This abundant green olive originates in Sevilla, Spain. Manzanilla olives are straw-colored, plump, and meaty, and are most commonly stuffed and skewered in happy hour cocktails.
Growing Region and Harvesting
Manzanilla olives grow throughout Southern Spain, where the climate is typical of most warm Mediterranean regions. This area has diverse weather patterns depending on proximity to the sea or the higher altitude in mountainous areas. Manzanilla olive trees are hardy and bear fruit annually, producing some of the world’s finest table olives.
Manzanilla olives are hand-harvested while green in early to mid-Fall. The word “manzanilla” means “little apple” in Spanish, which describes the appearance of these medium-sized, plump fruits.
Manzanilla olives are processed with a Spanish-style cure. First, the olives are washed in a short bath of fresh water and caustic soda to de-bitter the fruits. After a thorough rinse, the olives are fermented for three to four months in a natural sea salt brine.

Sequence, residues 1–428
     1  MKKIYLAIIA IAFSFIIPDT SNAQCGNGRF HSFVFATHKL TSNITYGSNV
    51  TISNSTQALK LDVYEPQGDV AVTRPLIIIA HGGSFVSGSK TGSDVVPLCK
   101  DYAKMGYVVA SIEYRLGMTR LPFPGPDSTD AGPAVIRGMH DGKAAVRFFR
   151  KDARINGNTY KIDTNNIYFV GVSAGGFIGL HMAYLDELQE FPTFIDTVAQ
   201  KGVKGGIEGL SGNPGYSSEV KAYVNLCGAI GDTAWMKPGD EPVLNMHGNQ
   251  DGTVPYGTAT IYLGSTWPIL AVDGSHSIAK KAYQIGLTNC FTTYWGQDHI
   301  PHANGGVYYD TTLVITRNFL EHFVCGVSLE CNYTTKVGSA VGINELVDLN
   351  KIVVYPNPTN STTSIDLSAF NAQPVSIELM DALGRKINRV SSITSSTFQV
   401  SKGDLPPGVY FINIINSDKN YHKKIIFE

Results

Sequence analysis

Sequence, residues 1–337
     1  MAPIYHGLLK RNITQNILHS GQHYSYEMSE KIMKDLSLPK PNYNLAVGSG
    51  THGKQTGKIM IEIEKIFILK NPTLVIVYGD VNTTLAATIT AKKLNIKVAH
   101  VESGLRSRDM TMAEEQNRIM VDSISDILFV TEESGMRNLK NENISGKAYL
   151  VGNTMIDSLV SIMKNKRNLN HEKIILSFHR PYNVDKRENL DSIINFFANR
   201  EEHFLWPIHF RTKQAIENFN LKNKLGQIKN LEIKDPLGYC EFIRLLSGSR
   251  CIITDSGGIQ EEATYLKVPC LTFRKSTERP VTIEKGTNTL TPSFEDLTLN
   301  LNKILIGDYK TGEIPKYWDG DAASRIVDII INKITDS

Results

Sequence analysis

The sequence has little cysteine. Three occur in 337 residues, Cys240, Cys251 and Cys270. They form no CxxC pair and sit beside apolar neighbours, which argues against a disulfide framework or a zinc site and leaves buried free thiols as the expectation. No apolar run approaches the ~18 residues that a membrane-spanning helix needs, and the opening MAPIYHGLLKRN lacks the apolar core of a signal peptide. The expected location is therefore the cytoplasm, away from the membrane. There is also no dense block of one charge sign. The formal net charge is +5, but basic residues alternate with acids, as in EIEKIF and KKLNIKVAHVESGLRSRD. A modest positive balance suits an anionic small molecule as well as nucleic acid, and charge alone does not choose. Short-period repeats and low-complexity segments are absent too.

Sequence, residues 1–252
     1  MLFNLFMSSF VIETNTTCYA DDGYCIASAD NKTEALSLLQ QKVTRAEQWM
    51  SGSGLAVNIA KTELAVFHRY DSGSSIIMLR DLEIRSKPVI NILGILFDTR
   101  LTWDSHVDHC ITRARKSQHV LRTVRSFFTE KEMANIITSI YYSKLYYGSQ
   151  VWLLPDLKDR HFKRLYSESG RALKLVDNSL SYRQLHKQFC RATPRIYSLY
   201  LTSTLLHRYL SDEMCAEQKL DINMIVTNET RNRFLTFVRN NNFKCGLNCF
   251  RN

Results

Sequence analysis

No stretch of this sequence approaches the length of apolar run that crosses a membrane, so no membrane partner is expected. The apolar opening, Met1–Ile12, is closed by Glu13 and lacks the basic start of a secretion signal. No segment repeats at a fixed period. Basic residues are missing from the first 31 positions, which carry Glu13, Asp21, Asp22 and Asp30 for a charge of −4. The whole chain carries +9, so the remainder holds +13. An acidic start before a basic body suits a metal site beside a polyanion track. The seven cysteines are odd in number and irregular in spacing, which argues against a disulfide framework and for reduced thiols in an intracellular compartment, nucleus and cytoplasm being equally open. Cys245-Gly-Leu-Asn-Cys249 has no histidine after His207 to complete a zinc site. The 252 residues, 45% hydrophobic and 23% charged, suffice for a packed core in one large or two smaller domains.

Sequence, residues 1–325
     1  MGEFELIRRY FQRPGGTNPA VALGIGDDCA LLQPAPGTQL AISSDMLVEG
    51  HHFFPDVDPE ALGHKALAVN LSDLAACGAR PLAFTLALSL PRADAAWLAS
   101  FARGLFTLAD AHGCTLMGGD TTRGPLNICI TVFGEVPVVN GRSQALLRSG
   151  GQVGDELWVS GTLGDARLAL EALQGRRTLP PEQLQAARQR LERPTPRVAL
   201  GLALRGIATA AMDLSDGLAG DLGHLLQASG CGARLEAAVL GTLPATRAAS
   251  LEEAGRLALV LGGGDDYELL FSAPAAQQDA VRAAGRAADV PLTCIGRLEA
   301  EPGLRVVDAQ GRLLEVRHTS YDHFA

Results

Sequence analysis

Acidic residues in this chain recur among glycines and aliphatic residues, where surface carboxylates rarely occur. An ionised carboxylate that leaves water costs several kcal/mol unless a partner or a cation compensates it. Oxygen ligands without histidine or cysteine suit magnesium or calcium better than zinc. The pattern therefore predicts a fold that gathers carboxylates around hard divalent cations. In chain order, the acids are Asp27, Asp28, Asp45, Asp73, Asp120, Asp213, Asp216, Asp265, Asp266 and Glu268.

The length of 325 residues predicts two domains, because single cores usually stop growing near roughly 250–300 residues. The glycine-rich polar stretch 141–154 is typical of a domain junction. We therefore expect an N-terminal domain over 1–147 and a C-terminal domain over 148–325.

Manzanilla olives have a small pit that can be removed easily, allowing the meaty flesh to be stuffed with other fillings. Often, these olives are stuffed with pimento peppers or garlic.
Pair Spanish Manzanilla olives with aged Swiss, spicy pepper-jack cheese, or beloved Spanish Manchego for an incredible appetizer. These olives offer a burst of flavor with mild saltiness, making them an excellent complement to spicy sausage. Finish with a robust glass of cava wine.
Straw green in color
Most often stuffed with pimento paste to create the popular stuffed Spanish Manzanilla olive.
A staple of Spanish tapas paired with anchovies, sheep’s milk cheese, and Rioja wine.
Did You Know…?
The Spanish Manzanilla is the most common of all the olives due to the high fruit yield from its tree.